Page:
There has been a subject that keeps popping up in a lot in conversation lately…ticks. Just the thought of these horrid wee creatures sparks frenzied responses from people, myself included. For good reason too. Ticks can carry disease and cause chaos within the body without us even knowing we’ve become a host.
Let me freak you out a bit with a couple of tick photos. You’re welcome.
Ticks generally reside in tall grass and bushes, but this year they seem to be popping up everywhere. It is a common thought that ticks are found only in the country or in wooded areas but lately have been spotted in city gardens and lawns. A warmer than normal winter has encouraged an increase in the tick population. Great, now I feel itchy. Ticks do not fly but they seem to have, in my experience, a great ability to jump as though they were spring-loaded. Once on the body of a human or animal ticks will find a prime location (usually armpits, groin area, scalp and the nape of the neck are preferred locations) and make themselves at home by boring into the flesh. Scratch-scratch. Tick bites are generally painless so aren’t always detected quickly which gives ticks ample time to get to work. For your viewing pleasure, I present to you a burrowing tick.
Once the tick has started to burrow into the flesh, there is a proper technique for removal. Trying to flick the tick off or scratch it off is the wrong method as the mouth-parts need to stay connected to the body for proper removal. If the head and/or mouth-parts separate from the body the bacteria will remain possibly causing infection. Removal with tweezers by holding as low on the head as possible and pulling back gently to extract the tick is the correct method. Removing with dish soap or Basic H on a cotton ball also facilitates proper removal, or so I am told by those that have tried this method. Putting a squirt of dish soap or Basic H (see side link to my website Live Love Be Green for more info) then placing the cotton ball over the tick for a few minutes will supposedly draw out the tick by making it stick to the cotton ball and make it slide out easier. Hope I don’t have to try this method out. I have however, had to use the tweezer-method. Last summer I had a tick attach itself to my shoulder blade. Of course one of the only spots not easily accessible for me to remove it myself. I had been working at a place known for ticks and had performed a tick check on myself before jumping into the shower after I got home. I was good to go – or so I thought. The next morning while getting dressed for work I had an itch on my back. I turned and looked in the mirror to see something dark stuck to my shoulder-blade. Ack! Thank goodness help was close by to remove the tick easily for me.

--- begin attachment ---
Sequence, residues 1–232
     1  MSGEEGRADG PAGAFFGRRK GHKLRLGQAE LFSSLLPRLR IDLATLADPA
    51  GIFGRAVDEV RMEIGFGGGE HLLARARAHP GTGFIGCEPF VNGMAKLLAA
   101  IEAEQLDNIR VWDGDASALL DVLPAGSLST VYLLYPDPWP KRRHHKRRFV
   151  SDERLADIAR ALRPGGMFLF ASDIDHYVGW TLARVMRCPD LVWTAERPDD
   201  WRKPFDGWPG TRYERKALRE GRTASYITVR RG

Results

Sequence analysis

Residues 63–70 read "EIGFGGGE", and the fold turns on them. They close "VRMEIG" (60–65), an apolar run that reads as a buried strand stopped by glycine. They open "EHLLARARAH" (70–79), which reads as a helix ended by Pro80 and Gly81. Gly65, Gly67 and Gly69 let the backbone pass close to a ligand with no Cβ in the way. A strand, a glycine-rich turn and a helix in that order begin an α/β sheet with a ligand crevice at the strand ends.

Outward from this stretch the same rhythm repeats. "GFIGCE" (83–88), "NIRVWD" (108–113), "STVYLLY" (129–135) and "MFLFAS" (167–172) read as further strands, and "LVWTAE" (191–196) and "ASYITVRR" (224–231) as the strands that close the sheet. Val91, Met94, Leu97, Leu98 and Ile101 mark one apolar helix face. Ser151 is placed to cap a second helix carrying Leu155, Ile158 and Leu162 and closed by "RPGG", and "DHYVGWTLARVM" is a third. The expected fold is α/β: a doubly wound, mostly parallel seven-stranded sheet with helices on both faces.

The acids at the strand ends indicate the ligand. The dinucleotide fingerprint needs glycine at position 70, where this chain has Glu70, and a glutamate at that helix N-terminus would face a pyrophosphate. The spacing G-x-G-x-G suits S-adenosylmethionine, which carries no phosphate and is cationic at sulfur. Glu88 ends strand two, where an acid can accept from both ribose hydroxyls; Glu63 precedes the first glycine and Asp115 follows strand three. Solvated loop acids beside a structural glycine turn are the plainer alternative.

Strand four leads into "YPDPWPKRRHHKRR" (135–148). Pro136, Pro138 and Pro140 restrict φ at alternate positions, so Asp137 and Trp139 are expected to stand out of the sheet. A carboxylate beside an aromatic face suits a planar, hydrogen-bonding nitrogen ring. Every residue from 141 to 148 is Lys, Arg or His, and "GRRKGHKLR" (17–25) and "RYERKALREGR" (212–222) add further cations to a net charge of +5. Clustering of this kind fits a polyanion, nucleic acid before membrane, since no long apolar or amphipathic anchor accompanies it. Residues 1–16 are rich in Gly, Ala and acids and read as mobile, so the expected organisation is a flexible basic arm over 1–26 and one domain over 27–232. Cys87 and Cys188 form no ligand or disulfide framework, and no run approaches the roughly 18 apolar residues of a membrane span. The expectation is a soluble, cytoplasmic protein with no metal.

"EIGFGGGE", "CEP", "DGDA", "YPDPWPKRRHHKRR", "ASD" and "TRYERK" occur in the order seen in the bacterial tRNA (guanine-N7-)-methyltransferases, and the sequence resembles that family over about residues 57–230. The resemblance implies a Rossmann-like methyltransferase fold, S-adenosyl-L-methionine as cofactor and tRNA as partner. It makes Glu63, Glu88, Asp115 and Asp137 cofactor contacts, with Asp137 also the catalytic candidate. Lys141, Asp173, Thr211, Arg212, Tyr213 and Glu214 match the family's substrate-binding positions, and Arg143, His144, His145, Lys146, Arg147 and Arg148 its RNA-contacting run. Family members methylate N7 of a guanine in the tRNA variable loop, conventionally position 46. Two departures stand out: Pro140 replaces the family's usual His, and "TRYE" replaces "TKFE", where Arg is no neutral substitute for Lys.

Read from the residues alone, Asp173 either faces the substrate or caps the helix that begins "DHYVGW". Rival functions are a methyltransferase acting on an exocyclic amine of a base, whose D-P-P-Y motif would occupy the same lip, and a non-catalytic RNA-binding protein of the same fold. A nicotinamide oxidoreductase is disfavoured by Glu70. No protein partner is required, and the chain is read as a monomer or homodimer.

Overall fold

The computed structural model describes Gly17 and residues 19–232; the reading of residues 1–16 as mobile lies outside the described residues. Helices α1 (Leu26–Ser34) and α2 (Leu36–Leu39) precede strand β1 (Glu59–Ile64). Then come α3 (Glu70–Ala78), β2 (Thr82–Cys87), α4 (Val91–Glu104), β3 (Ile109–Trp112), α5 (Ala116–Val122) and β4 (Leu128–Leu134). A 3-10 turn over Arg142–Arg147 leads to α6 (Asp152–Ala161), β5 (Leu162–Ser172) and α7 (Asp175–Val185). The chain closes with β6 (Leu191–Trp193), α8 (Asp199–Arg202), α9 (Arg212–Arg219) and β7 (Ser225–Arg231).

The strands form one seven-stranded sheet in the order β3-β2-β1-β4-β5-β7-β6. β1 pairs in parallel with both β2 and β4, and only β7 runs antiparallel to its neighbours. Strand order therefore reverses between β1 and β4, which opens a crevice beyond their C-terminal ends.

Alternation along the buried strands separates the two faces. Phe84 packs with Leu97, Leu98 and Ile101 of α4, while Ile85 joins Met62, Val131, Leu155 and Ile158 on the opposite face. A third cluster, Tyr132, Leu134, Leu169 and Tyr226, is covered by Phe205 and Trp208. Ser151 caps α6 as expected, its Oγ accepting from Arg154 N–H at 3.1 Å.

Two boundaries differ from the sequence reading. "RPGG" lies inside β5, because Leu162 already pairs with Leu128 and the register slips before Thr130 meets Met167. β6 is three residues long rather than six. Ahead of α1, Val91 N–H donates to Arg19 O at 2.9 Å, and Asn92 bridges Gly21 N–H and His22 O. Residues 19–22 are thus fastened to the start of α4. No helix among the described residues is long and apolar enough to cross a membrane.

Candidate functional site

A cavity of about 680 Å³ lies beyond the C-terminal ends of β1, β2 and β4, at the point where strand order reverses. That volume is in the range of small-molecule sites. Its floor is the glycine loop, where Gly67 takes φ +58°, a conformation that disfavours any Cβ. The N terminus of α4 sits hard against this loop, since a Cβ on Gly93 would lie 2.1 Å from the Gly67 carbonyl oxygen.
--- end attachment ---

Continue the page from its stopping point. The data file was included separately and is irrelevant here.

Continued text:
Here is a diagram of the proper tick removal method using tweezers:
Ticks can carry bacteria that leads to such illnesses as Lyme disease. Be aware of any strange symptoms you may experience if you have been bitten by a tick and report them to your doctor immediately. Early detection is vital with any illness. If possible, keep the tick in a jar with a lid after removal in case you develop strange symptoms. Your local Public Health will test the tick for Lyme disease if necessary.
A few rules to deter and detect ticks while out and about:
– wear light coloured clothing to be able to easily detect ticks
– wear long pants and tuck them in or secure if possible to avoid ticks climbing up inside your pant leg
– spray boots/shoes and legs with DEET or a natural tick repellent. You want ticks to think you smell unappetizing.
– check yourself and family members for ticks after outdoor activity
– keep your grass cut short and dispose of unnecessary debris
Don’t let ticks deter you from getting out and enjoying the beauty of Nature. Simply be aware and be proactive. Now quit scratching and go enjoy some fresh air and sunshine!
“Don’t make us bite you in hard-to-reach places!” – The Tick (comedic superhero)